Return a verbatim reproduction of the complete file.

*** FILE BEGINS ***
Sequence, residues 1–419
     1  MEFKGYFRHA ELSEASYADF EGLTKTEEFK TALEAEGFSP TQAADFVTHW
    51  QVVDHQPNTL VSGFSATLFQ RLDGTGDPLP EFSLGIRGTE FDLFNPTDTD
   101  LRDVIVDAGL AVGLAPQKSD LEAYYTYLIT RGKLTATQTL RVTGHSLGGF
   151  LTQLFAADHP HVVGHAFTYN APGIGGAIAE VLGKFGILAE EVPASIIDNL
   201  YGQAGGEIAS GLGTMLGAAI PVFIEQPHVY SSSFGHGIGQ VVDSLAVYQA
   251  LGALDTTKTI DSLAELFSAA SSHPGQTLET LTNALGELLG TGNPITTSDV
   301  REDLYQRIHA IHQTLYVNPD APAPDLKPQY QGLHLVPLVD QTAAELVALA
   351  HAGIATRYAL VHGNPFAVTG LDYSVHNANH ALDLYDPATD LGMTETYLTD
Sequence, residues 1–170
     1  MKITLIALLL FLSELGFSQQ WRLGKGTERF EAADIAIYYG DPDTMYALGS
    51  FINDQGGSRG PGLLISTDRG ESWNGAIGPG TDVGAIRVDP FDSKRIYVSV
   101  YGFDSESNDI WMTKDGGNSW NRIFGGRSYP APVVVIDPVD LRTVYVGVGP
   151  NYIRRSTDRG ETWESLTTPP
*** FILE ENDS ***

Sequence, residues 1–419
     1  MEFKGYFRHA ELSEASYADF EGLTKTEEFK TALEAEGFSP TQAADFVTHW
    51  QVVDHQPNTL VSGFSATLFQ RLDGTGDPLP EFSLGIRGTE FDLFNPTDTD
   101  LRDVIVDAGL AVGLAPQKSD LEAYYTYLIT RGKLTATQTL RVTGHSLGGF
   151  LTQLFAADHP HVVGHAFTYN APGIGGAIAE VLGKFGILAE EVPASIIDNL
   201  YGQAGGEIAS GLGTMLGAAI PVFIEQPHVY SSSFGHGIGQ VVDSLAVYQA
   251  LGALDTTKTI DSLAELFSAA SSHPGQTLET LTNALGELLG TGNPITTSDV
   301  REDLYQRIHA IHQTLYVNPD APAPDLKPQY QGLHLVPLVD QTAAELVALA
   351  HAGIATRYAL VHGNPFAVTG LDYSVHNANH ALDLYDPATD LGMTETYLTD
Sequence, residues 1–170
     1  MKITLIALLL FLSELGFSQQ WRLGKGTERF EAADIAIYYG DPDTMYALGS
    51  FINDQGGSRG PGLLISTDRG ESWNGAIGPG TDVGAIRVDP FDSKRIYVSV
   101  YGFDSESNDI WMTKDGGNSW NRIFGGRSYP APVVVIDPVD LRTVYVGVGP
   151  NYIRRSTDRG ETWESLTTPP